With the holiday season in full swing, the news is grim for hunger in
Chicago – more and more Cook County residents don’t know where the next
meal is coming from and food pantry donations are down.
Also, Congress is scheduled to reauthorize the farm bill next year – and the new legislation might include cuts in the Supplemental Nutrition Assistance Program, i.e. food stamps.
On Monday, hunger relief workers and city officials testified at a City Council hearing on food insecurity in Chicago, convened by the committees on Health and Environmental Protections as well as Economic, Capital, and Technology Development.
Ald. Ameya Pawar (47th) wrote the resolution
initiating the hearing. Despite the overall pessimism, the Albany
Park-based alderman said there are signs that the city is addressing hunger,
including Mayor Rahm Emanuel’s push for more urban agriculture. “It’s time
Chicago is tackling food policy and Emanuel is displaying a lot of
leadership on this issue,” Pawar says.
The Greater Chicago Food Depository, the city’s main food bank, released a report in September that said 20.6 percent or 581,000 of Chicago residents are food insecure, which the U.S. Dept. of Agriculture defines as a reduced quality, variety or desirability of diet.
“In non-bureaucratic language, it’s the uncertainty of knowing where your next meal is coming from,” testified Katie Maehr, executive director and CEO of the Food Depository.
In Chicago and nationally, food insecurity is up – but donations to the Food Depository are expected to drop 12 percent next year. This is mostly due to reduced donations from the federal government.
Yet instead of replenishing food relief programs, Congress could make greater cuts.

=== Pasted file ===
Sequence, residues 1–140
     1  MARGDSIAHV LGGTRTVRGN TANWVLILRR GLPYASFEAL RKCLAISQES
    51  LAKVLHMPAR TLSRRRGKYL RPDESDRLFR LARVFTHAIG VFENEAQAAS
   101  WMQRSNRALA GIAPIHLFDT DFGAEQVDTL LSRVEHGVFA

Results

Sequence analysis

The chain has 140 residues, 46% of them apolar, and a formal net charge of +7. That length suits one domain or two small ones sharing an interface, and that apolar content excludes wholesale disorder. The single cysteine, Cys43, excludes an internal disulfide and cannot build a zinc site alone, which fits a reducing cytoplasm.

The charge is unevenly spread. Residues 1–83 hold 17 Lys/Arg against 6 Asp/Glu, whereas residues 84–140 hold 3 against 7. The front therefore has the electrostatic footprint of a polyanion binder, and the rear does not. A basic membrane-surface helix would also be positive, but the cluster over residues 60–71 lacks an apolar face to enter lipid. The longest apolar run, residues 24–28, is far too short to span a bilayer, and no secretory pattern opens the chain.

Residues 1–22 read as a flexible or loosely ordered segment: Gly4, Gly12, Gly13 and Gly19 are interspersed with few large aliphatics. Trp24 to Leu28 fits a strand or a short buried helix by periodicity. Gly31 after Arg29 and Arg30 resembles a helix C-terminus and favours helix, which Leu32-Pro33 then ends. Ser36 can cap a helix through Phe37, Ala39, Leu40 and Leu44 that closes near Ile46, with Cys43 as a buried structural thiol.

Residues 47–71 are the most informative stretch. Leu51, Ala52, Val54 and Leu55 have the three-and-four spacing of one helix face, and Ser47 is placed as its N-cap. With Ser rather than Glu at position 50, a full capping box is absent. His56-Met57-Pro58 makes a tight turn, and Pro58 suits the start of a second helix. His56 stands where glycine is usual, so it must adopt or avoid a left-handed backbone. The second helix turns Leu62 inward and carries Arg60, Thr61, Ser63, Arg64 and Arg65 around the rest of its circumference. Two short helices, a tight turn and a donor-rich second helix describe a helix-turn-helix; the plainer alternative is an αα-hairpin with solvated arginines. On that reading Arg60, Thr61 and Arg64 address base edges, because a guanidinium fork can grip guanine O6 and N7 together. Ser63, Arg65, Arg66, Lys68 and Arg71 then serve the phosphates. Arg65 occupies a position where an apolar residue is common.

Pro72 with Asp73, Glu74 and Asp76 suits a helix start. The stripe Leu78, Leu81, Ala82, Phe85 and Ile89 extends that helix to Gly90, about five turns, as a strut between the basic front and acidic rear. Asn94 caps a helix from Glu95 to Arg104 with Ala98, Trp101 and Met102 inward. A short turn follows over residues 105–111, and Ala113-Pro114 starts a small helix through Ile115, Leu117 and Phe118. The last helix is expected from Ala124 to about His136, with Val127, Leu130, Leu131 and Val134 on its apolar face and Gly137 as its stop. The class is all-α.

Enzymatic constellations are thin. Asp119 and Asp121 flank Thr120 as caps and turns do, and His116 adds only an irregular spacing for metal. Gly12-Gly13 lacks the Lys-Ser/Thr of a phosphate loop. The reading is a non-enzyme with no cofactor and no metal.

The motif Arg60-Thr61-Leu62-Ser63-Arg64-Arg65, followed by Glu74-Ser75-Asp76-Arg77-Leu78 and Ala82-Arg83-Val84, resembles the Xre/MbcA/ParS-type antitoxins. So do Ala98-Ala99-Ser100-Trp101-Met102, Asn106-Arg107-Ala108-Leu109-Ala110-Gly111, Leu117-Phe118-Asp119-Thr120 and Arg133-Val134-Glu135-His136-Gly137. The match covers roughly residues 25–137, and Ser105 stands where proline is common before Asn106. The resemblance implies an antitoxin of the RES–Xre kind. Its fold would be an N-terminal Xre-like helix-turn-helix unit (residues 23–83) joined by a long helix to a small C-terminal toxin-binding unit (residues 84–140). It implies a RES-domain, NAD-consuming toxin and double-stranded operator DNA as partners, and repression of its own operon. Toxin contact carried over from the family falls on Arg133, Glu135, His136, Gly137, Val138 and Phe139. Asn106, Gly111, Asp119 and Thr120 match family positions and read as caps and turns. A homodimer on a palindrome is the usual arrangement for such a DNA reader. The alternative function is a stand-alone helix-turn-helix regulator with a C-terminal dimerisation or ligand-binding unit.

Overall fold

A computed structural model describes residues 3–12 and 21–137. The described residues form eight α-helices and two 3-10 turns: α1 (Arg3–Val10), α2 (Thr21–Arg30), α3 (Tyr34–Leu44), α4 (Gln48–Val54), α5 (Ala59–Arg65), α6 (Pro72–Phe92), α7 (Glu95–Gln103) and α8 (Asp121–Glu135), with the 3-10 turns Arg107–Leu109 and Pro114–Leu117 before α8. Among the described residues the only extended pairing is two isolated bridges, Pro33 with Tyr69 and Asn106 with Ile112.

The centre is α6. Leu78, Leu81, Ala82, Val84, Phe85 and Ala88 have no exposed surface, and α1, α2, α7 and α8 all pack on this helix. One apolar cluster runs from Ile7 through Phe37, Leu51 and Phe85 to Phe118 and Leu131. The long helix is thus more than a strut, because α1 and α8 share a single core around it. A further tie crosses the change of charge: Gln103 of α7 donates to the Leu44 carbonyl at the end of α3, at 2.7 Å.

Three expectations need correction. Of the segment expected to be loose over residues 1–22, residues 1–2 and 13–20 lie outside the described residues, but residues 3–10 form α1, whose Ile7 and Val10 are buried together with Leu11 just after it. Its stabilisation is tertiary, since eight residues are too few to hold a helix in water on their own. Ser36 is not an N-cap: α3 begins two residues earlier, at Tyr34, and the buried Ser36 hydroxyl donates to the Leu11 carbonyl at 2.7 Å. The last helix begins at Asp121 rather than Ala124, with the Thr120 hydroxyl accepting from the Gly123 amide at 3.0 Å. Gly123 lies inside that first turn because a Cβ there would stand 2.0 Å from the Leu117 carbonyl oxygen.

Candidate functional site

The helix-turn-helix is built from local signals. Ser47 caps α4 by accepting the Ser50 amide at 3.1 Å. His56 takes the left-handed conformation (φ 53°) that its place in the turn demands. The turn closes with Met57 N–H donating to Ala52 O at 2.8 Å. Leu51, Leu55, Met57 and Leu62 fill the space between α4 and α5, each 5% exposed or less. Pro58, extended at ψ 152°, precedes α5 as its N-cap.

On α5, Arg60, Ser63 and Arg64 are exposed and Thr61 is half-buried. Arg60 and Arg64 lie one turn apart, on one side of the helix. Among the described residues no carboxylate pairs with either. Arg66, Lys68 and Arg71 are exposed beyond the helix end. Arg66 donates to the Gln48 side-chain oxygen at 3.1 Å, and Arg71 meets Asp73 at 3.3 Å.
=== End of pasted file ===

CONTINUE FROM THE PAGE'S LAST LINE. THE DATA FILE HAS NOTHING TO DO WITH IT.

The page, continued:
Maehr testified that the conversation in Washington D.C. is still dominated by deficit reduction. “Congress wants to balance our budget on the backs of people who don’t know where the next meal is coming from,” Maehr says.
Moreover, Maehr says that when she talks to some members of Congress from Chicago, they are slow to catch on that it’s the farm bill that funds nutrition assistance, including assistance in big cities.
Pawar said that the City Council’s first order of business is, “A resolution asking Congress to authorize the farm bill and protect benefits.”
As for what else can be done on the city level, Pawar co-sponsored an ordinance with Emanuel that revised the zoning code to make it easier for communities to turn vacant lots into urban farms.
Pawar and Maehr also said kinds word about Emanuel’s Healthy Chicago Plan, which includes obesity reduction as a priority area.
However, the mayor’s focus so far has been more on nutrition (like the Dept. of Public Health’s focus on obesity reduction) and alleviating so-called food deserts, an obviously related, but not quite identical, problem to people simply going hungry.
David Brown, vice-president of the Common Pantry in the affluent Lakeview neighborhood, testified that his clients' biggest problems are not a lack of grocery stores, but a lack of affordable housing, affordable health care, and jobs.